Maryland Rule 2-327 Section (c) - Interpretation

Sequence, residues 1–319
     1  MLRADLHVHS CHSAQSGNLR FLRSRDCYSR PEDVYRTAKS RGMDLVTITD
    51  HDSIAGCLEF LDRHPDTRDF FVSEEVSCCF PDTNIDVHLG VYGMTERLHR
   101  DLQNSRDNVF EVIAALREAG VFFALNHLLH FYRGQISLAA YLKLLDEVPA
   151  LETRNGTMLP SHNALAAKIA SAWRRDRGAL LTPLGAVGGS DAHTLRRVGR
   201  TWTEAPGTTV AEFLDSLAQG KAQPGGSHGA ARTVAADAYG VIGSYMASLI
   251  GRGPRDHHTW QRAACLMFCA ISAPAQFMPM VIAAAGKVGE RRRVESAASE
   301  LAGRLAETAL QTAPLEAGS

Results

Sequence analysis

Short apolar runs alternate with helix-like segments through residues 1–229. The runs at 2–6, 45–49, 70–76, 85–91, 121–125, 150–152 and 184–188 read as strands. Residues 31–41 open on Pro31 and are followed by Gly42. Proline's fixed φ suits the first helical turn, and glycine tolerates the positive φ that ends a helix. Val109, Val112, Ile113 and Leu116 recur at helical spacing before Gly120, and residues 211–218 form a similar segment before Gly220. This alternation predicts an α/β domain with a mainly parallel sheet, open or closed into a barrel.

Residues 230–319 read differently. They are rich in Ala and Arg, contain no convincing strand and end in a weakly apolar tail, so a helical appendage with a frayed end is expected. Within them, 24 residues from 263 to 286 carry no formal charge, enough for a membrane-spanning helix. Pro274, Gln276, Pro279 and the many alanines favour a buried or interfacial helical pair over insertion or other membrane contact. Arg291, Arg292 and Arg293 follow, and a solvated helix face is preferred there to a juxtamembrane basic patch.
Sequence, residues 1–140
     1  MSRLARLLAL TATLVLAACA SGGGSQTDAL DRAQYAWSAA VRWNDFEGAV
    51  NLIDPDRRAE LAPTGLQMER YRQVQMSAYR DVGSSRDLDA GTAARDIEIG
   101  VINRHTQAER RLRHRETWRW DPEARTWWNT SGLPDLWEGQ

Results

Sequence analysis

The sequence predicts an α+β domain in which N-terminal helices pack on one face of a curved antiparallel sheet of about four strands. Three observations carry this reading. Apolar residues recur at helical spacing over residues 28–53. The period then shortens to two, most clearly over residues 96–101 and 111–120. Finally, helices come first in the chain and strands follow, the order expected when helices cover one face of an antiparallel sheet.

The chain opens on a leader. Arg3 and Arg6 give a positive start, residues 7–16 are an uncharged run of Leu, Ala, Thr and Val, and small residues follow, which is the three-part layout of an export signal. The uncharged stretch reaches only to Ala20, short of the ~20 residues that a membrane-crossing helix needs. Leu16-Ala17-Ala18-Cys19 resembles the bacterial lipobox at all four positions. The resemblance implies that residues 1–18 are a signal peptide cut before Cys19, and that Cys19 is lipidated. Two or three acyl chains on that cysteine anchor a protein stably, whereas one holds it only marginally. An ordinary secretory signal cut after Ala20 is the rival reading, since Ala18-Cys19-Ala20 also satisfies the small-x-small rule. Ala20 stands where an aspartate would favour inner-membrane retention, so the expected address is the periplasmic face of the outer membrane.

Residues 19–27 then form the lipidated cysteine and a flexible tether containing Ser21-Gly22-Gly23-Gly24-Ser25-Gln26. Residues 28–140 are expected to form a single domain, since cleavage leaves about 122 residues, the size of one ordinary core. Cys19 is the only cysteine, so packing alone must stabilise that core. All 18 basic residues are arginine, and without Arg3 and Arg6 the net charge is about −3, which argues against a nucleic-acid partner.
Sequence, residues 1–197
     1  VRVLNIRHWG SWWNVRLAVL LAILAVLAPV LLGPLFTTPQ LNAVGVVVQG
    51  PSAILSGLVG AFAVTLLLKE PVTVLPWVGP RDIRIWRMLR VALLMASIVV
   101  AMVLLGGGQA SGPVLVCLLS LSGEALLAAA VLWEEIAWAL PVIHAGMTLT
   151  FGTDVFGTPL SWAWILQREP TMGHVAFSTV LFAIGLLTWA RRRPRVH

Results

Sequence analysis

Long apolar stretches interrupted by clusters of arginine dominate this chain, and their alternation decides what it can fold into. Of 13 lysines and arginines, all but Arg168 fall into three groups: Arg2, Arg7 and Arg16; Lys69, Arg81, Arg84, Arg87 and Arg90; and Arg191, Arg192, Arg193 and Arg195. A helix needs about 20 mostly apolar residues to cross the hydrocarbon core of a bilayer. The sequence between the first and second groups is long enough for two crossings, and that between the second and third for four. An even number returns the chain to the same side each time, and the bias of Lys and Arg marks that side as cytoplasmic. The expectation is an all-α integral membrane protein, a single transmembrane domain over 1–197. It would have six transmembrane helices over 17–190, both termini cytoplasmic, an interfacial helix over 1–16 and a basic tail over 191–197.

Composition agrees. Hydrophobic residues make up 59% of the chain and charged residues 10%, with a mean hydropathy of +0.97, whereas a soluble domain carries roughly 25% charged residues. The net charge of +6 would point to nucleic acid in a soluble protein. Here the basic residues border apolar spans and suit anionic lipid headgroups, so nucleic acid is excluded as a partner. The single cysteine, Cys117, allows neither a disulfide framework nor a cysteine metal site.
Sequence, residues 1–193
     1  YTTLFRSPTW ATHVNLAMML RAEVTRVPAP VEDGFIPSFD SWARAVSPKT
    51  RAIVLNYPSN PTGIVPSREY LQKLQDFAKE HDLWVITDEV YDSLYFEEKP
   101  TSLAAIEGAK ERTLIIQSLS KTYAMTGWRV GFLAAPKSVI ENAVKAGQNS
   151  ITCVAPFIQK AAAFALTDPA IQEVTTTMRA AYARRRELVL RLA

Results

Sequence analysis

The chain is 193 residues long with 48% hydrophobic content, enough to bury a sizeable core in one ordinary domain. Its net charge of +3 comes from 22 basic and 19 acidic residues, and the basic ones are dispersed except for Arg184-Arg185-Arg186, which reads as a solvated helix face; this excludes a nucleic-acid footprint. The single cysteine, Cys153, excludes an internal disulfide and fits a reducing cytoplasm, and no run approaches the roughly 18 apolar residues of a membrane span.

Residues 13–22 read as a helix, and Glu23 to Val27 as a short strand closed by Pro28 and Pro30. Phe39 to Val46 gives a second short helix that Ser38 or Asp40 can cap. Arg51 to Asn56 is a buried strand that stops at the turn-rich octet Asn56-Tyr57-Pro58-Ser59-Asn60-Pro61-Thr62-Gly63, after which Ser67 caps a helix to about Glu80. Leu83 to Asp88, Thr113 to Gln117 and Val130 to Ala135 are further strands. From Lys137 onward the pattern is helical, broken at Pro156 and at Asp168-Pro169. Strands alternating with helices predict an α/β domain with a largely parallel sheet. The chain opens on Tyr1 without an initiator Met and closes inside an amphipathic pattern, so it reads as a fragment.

In Odenton Development Co. v. Lamy, 320 Md. 33, 40, 575 A.2d 1235 (1990), Judge Chasanow, after noting the provenance of Rule 2-327(c), pointed out how the federal cases interpreting 28 U.S.C. 1404(a) are highly persuasive authority in Maryland. "Section (c) of Md. Rule 2-327 was derived from 28 U.S.C. 1404(a). Consequently the federal law construing 1404(a) is highly persuasive in our analysis of the trial court's ruling, which was based on Md. Rule 2-327(c)." In enunciating, for the first time, the basic guidelines for appellate review of a transfer decision, Judge Chasanow supported each principle with a wealth of supporting caselaw both from the Supreme Court and from lower federal courts. When determining whether a transfer of the action for the convenience of the parties and witnesses is in the interest of justice, a court is vested with wide discretion. Norwood v. Kirkpatrick, 349 U.S. 29, 32, 75 S. Ct. 544, 546, 99 L. Ed. 789, 793 (1955); King v. Johnson Wax Associates, Inc., 565 F. Supp. 711, 719 (D. Md. 1983). Section 1404(a) is intended to place discretion in the District Court to adjudicate motions for transfer according to an 'individualized, case-by-case consideration of convenience and fairness.'" Stewart Organization, Inc. v. Ricoh Corp., 487 U.S. 22 (1988) (citing Van Dusen v. Barrack, 376 U.S. 612 (1964)). It is the moving party who has the burden of proving that the interests of justice would be best served by transferring the action, Texas Gulf Sulphur Company v. Ritter, 371 F.2d 145, 147 (10th Cir. 1967); Equitable Bank v. Finn, 671 F. Supp. 374, 380 (D. Md. 1987); King, 565 F. Supp. at 719, and a motion to transfer should be granted only when the balance weighs strongly in favor of the moving party. Akers v. Norfolk and Western Railway Company, 378 F.2d 78, 80 (4th Cir. 1967); King at 719. To reach this decision, a court "must weigh in the balance the convenience of the witnesses and those public-interest factors of systemic integrity and fairness that, in addition to private concerns, come under the heading of 'the interest of justice.'" Stewart, 487 U.S. at 30. (320 Md. at 40.)